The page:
I thought, therefore, that I would pass on an item on some forecasts by people who, unlike journalists, actually know what they're talking about -- the Wall Street Journal's quarterly survey of leading economists. It's certainly not good news, except in comparison with what your local paper is reporting. A few of the consensus findings:
- GDP, which declined 0.3% in the third quarter, will hit a nasty -3.0% this quarter. It will be a little better (but still bad) in the first quarter of 2009: -1.5%. Then it will be flat (+0.3%) in Q2, and the return to modest growth in the second half (Q3: +1.6%, Q4: +2.1%).
- Employment, as we've seen in recent recessions, will be slower to recover -- they predict 7.5% in June 2009, and 7.7% in December.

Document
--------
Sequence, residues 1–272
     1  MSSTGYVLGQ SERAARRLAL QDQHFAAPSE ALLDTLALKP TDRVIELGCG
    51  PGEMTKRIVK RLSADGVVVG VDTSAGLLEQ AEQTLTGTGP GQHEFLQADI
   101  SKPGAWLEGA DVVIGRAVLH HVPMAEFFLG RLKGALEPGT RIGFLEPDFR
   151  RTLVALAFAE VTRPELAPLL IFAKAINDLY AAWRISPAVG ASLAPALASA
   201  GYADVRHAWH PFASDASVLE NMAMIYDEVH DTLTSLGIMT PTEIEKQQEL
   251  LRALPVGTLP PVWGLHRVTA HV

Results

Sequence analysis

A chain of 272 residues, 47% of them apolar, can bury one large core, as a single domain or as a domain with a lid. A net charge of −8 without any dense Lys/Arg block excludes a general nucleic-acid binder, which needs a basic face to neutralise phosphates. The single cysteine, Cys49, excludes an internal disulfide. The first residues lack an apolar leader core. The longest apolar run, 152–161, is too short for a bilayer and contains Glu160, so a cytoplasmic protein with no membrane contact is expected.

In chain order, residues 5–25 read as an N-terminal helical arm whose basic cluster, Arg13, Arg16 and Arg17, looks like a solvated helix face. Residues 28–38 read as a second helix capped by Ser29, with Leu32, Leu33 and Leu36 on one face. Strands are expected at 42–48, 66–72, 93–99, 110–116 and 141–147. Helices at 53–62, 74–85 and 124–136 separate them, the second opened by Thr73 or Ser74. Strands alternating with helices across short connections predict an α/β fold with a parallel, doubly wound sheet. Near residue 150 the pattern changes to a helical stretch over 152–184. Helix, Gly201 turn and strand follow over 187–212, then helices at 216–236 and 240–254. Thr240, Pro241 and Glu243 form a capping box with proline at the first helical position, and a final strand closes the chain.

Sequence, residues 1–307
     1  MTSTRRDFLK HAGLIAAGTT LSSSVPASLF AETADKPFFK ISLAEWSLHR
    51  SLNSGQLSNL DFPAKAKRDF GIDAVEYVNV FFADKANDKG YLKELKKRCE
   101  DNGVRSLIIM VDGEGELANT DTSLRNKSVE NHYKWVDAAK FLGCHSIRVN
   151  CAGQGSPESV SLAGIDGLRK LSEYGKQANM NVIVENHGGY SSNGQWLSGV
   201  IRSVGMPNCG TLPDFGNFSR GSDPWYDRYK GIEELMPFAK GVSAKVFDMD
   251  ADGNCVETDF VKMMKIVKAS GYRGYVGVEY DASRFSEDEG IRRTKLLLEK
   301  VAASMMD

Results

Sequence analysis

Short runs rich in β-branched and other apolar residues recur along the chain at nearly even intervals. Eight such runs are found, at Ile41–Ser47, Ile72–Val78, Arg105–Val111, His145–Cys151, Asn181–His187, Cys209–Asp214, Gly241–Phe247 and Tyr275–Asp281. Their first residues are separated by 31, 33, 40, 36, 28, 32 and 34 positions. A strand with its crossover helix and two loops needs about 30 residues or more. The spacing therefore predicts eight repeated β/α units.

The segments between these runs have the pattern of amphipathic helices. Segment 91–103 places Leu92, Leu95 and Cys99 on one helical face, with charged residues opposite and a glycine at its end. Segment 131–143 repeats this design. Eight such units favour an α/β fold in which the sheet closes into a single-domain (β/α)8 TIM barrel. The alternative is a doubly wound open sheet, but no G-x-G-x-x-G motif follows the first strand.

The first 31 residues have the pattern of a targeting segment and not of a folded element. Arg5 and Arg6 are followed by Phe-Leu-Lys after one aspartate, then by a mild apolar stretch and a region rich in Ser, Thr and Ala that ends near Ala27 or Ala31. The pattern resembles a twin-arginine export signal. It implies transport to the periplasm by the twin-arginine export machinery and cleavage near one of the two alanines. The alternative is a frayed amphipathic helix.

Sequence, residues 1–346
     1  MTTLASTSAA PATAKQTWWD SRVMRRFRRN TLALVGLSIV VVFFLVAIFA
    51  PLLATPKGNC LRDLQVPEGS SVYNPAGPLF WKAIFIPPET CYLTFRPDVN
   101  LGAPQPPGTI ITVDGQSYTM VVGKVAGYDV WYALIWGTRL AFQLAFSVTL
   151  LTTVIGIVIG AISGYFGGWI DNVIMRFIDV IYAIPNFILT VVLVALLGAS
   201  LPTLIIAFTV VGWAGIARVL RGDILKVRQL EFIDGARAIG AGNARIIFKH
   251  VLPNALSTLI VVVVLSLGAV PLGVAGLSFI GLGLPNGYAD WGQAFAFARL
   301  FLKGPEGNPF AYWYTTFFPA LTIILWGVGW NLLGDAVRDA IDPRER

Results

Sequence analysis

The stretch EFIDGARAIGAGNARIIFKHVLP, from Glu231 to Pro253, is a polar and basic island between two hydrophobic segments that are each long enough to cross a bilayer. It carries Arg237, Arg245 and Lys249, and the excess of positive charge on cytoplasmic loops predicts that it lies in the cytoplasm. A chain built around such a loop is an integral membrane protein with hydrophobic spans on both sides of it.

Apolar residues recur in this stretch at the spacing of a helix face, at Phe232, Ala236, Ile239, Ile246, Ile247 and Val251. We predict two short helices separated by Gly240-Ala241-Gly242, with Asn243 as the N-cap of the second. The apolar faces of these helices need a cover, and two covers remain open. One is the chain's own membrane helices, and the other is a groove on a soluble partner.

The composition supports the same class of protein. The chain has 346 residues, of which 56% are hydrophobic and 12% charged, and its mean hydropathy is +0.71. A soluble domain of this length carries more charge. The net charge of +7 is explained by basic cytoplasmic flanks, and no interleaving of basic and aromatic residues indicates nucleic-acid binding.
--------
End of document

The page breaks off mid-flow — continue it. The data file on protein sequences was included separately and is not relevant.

- Oil is a bright spot, since the consensus is that the price will stay below $65/barrel through 2009. Inflation will be below 2%.
- Housing will stay bad (which means I'm stuck in my house for another year at least),with prices dropping another 3.5%.
Here's a write-up on the survey by one of the economists who participated in it. He's slightly more pessimistic than the consensus (he forecasts unemployment topping at 8.5%), but the main point of his piece is that the recessions of 74-75 and 81-82 are far more accurate comparisons than the 1930s.